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Bree Tracey/MEDILL

The Healthy Schools Campaign hosted a competition called "Cooking Up Change" to promote healthy lunches for public schools. High school students from 15 Chicago public schools participated in the event.

Cooking competition promotes healthy eating in Chicago schools

by Bree Tracey
Nov 03, 2009

Related Links

Healthy Schools Campaign

Participating Schools:

Chicago Vocational Career Academy

Clemente Community Academy High School

Corliss High School

Curie Metro High School

Dunbar Vocational Career Academy

Hyde Park Academy High School

Manley Career Academy High School

Marshall Metro High School

North-Grand High School

Orr Career Academy High School

Percy L. Julian High School

Prosser Career Academy

Simeon Career Academy High School

Richards Career Academy High School

Tilden Career Community High School

As a boy, Paris Brooks remembers how his grandparents owned a restaurant on the South Side of Chicago.

“Watching them cook and do things like that inspired me to cook,” he said.

Now a senior at Hyde Park Academy High School, Brooks’ inspiration has lead him to compete in the 2009 “Cooking up Change” competition last Thursday provided by the Healthy Schools Campaign, a nonprofit organization that promotes healthy school environments.

The competition included 15 Chicago public high schools. Each school was lead by a mentor who is also a culinary professional in the community. Meals were judged on nutrition and taste by a panel of 16 judges. The teams were challenged to create a healthy school lunch for only one dollar per meal.

Rochelle Davis, the founding executive director of the Healthy Schools Campaign, said school districts receive a little more than two dollars to serve lunch in schools. This includes food, labor, facilities and administrative costs. In urban areas like Chicago, the loss per meal is about a dollar.

This year’s competition was especially important for Davis since Congress is about to reauthorize the Child Nutrition Act, which happens every five years.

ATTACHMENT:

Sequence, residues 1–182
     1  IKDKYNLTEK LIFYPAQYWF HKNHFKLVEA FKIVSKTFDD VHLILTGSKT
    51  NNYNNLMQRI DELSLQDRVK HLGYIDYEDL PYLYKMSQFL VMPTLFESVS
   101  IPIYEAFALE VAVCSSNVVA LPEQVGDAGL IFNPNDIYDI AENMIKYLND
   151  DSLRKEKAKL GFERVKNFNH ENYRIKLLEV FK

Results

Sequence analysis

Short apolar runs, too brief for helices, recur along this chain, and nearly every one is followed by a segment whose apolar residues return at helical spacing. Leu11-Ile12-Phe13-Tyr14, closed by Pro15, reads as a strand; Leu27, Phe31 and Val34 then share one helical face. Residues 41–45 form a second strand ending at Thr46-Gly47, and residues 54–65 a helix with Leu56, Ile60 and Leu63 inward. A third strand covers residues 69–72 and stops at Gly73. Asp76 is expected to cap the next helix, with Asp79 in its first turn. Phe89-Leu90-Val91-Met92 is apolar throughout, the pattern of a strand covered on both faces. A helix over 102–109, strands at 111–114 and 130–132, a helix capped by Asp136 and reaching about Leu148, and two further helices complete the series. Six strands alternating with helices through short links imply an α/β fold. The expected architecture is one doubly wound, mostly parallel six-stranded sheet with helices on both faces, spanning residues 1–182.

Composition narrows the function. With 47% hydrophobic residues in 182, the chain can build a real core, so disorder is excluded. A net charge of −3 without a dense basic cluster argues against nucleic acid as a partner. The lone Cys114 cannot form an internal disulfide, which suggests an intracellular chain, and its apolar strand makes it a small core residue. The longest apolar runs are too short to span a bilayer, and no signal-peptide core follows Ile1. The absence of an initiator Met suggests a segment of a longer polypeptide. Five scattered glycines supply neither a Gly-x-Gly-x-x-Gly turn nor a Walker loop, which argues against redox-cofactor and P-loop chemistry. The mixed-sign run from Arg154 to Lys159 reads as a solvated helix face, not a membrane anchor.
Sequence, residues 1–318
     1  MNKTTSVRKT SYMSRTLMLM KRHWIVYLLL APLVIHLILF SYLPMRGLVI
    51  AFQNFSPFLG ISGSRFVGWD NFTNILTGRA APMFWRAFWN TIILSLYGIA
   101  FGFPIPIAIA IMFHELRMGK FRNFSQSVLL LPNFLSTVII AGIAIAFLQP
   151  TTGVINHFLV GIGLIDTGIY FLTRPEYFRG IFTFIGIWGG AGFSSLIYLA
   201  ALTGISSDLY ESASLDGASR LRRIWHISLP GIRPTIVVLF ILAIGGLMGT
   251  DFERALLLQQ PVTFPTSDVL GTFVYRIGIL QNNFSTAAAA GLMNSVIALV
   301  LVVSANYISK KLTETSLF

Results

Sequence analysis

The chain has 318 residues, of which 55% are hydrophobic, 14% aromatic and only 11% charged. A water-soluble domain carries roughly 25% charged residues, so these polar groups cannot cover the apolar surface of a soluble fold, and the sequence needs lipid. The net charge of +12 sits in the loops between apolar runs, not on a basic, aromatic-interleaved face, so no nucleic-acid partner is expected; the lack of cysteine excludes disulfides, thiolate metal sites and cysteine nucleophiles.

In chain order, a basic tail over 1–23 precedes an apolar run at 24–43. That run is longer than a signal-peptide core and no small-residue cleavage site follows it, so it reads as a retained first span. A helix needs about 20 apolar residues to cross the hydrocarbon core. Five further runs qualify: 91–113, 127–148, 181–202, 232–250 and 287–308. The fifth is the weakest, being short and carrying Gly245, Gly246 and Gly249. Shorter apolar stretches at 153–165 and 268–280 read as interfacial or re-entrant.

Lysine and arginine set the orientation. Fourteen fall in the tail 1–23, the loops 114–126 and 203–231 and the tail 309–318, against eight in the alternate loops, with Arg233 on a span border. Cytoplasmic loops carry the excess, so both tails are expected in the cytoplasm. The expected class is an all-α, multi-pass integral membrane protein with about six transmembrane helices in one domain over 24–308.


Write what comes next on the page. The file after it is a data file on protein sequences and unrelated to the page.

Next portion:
“It’s really part of our effort to raise public discussion about the need for more money for better food,” Davis said.

Davis said she will ask Congress to approve a dollar more per meal so it will be more affordable to cook healthy meals.

For students, the competition offers an experience that will help them further their culinary careers.

“We’re really hoping that the kids take away this as a career choice,” Davis said.
This year Tilden Career Community High School got first place in the school lunch awards by cooking chicken jambalaya with jalapeno cornbread and cucumber salad.

The reigning champs, Richards Career Academy, came in second with their meal of twice-baked shepherd’s pie, pub salad and a side of cinnamon bread pudding, and Chicago Vocational Career Academy came in third, cooking chicken salad, vegetable soup and apple crisp.

Last year’s winning team had its meal served to more than 40,000 public school students across the country and in the U.S. House of Representatives' cafeteria.

They also got to tour the White House and cook with White House Chef Sam Kass.

As the winners of this year’s competition, students from Tilden Career Community High School will get this same experience.

The competition also included awards for audience favorite and best cookie.

Asked what he did to prepare for the competition, Brooks replied, “Hard work, staying after school late--whatever I can do to become a better chef.”